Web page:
• Gabby

    What an important message. If a person is drawn to a creative pursuit, he should just do it if it brings him joy. He doesn’t even need to share it.
    We can all call ourselves what we like along artistic lines.

  • CrummyVerses

    “A writer is distinguished by the fact that he or she writes….” and the same for “poet”…well, what about “lover?” Many of us find despair more than love in our hearts these daze (sic). But still, still, there’s at least a portion of love leftover.

  • Doug Barr

    I wanted to be a hockey player or a football player. I had to repeat my last year of high school for failing English courses so writing never crossed my mind. However, while trying to figure out life I had to write to keep track of my thoughts. I began publishing my analysis with prose posts but when I discovered I could rhyme my thoughts I changed to poetry because reason in rhyme is more memorable, not because I wanted to become a poet. I’m still just an analyst.

  • Joanna

    This so beautiful! Thanks for sharing.

  • Liz Burkemper

    I feel a warm kinship with you as another aspiring, struggling writer. Thank you for your wise words of encouragement. I am most appreciative of your bravery in sharing your words. One of my good friends and mentors told me that writing is for personal and social waking up — it doesn’t matter that you’re good, only that you do it, and choose to share it with others when you can. Thank you for sharing with us.

  • Julie

    Thanks for your insights which sparked an “aha” moment for me too. I’ve always loved poetry and never thought of writing it until last spring when I started writing and found that I could not stop. I decided to take a poetry class and after that my poetry writing dried up — I now understand why. And by the way I loved reading your poem — felt like I was sitting on the February shore.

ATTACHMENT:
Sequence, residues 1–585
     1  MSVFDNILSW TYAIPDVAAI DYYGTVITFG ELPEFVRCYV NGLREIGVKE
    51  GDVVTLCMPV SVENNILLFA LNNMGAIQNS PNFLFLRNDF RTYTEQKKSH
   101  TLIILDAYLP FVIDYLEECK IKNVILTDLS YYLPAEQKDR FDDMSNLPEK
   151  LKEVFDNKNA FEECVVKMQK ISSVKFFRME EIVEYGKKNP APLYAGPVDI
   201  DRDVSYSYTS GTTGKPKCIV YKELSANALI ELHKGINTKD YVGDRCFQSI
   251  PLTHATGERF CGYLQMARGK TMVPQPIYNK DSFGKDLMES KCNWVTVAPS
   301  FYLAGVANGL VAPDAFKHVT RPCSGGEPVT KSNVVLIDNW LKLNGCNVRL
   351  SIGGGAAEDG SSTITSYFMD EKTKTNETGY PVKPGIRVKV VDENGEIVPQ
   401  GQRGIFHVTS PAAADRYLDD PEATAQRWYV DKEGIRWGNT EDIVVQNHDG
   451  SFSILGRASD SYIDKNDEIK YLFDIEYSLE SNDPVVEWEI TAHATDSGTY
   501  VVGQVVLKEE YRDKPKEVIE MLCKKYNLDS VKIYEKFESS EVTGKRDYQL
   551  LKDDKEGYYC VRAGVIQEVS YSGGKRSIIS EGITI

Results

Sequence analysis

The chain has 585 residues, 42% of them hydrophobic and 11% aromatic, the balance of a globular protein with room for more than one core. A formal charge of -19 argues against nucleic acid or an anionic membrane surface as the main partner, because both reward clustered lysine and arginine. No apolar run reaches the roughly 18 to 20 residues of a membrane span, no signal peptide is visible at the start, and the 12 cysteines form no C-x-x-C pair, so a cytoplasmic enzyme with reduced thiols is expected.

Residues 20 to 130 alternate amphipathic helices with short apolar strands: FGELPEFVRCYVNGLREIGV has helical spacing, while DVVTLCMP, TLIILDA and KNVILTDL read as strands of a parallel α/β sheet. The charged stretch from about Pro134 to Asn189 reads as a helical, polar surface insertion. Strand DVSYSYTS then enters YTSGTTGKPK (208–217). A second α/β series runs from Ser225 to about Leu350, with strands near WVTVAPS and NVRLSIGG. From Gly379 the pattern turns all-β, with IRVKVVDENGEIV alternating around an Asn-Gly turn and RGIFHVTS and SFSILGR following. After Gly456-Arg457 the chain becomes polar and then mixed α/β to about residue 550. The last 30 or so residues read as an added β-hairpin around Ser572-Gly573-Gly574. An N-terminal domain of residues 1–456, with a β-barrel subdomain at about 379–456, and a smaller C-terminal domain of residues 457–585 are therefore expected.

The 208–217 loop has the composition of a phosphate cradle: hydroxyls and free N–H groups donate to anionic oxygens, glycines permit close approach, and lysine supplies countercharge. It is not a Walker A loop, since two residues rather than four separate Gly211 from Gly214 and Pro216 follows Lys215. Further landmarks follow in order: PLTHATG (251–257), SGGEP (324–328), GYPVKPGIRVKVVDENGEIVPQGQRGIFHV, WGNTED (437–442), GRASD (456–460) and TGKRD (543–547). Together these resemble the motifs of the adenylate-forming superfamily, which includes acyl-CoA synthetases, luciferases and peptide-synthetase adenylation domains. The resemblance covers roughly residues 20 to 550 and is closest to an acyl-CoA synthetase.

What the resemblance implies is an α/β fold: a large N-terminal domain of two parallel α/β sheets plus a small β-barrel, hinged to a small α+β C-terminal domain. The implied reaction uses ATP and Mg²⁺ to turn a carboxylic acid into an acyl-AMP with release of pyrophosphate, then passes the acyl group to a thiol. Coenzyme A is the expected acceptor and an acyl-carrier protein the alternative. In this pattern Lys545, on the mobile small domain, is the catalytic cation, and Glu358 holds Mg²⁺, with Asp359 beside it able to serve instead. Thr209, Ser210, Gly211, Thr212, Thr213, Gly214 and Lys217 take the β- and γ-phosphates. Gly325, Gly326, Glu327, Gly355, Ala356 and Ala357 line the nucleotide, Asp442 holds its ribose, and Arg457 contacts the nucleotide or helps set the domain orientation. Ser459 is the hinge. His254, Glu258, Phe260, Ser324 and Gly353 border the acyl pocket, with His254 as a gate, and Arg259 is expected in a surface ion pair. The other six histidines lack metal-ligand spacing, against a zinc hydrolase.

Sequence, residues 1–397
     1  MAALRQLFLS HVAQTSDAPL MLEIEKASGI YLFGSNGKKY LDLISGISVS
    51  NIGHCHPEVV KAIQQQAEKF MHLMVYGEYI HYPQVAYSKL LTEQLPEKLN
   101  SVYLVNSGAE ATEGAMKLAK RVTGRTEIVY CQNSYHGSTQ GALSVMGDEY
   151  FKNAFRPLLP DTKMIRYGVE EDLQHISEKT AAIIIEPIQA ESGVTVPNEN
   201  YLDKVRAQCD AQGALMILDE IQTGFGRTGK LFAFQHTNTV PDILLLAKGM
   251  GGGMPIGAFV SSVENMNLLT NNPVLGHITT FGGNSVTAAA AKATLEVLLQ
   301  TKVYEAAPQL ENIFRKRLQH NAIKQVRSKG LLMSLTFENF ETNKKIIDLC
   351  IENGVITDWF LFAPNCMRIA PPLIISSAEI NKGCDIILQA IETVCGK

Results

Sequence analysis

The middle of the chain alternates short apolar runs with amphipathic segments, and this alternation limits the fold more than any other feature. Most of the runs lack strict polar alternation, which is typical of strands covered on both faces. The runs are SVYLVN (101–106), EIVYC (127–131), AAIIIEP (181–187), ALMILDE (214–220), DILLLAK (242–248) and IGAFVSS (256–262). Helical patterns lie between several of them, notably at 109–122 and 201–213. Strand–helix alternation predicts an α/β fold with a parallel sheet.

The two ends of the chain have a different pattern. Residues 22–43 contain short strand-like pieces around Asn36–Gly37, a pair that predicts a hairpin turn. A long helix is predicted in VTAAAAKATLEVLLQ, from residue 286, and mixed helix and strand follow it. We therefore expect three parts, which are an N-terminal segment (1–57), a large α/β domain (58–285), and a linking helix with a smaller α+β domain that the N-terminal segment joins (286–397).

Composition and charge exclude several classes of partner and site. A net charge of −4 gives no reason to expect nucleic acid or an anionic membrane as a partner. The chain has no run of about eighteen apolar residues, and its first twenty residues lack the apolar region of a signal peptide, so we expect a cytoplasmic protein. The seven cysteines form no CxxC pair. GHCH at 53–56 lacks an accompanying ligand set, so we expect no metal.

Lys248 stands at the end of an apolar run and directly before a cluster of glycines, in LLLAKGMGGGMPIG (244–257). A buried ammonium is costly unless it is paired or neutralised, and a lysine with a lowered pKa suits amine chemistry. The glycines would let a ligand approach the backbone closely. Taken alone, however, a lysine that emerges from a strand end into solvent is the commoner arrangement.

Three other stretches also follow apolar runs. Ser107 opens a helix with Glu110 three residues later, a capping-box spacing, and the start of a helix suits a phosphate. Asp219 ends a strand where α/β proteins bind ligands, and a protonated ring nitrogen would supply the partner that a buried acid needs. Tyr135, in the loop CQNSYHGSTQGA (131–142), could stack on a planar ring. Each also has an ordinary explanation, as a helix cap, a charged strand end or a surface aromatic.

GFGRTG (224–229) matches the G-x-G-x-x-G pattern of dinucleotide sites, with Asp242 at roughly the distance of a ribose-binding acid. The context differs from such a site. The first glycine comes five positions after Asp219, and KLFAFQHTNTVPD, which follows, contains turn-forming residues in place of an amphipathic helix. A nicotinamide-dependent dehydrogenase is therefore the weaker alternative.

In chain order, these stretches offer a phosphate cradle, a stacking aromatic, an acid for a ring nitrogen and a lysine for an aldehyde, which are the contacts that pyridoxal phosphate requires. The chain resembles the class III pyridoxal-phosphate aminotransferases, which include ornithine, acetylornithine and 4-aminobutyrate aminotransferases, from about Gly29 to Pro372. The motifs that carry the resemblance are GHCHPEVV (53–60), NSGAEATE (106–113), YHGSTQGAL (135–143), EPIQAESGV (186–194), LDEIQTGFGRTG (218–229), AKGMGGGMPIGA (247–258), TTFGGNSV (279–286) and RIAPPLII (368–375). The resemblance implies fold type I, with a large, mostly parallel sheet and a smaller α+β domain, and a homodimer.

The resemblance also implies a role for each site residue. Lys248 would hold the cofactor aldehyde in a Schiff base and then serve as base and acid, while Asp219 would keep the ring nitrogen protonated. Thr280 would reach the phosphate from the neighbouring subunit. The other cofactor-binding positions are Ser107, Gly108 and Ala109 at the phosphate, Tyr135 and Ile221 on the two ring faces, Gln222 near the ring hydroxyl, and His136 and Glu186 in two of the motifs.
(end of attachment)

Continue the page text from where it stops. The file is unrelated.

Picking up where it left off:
• Cynthia McGean

    I teach 3rd grade at a Title 1 school. These are troubling times and writing poetry has been one of my methods of coping. Another has been your writings, from COURAGE TO TEACH to HIDDEN WHOLENESS. Thank you for being a voice that unifies activism, contemplation, progressive Christian thought, the heart of an educator and the soul of a writer all in one.

  • Sandy Brown Jensen

    Beautiful insight and nicely metered poem that I love a lot! I’m not going for the Victorian word “behold” when “reflect would do a more modern and better job.
    Great “dismount”!

  • Luke Concannon

    Wonderful work Parker! Such vivid attention to the beauty and strangeness of the scene, thank you for daring to share it.

  • Annie Lu Belaney

    Love your poem Parker! I too flee to the ocean for hope and solace! Thank you for writing!

  • Heidi H.

    This is beautiful, Parker! Thank you for sharing. I rarely get to the ocean, but when I do, I breathe deeper than any other time. I love the final phrase, “…while under all, incessant surf insists on letting go and letting be.”

  • Ann M. Frensley

    Thank you for sharing. I, too, write. And it seems to me that as long as I do not think to compare my words and efforts with those of others, mine are sufficient and good because no one else has my perspective. I am grateful for your perspectives, Parker. Blessings.

  • Anne Jolles

    This is beautiful. I think Grace Trail would resonate with you and your readers.

  • Beautiful. It really is that simple: “A writer is distinguished by the fact that he or she writes.” Thank you for sharing this.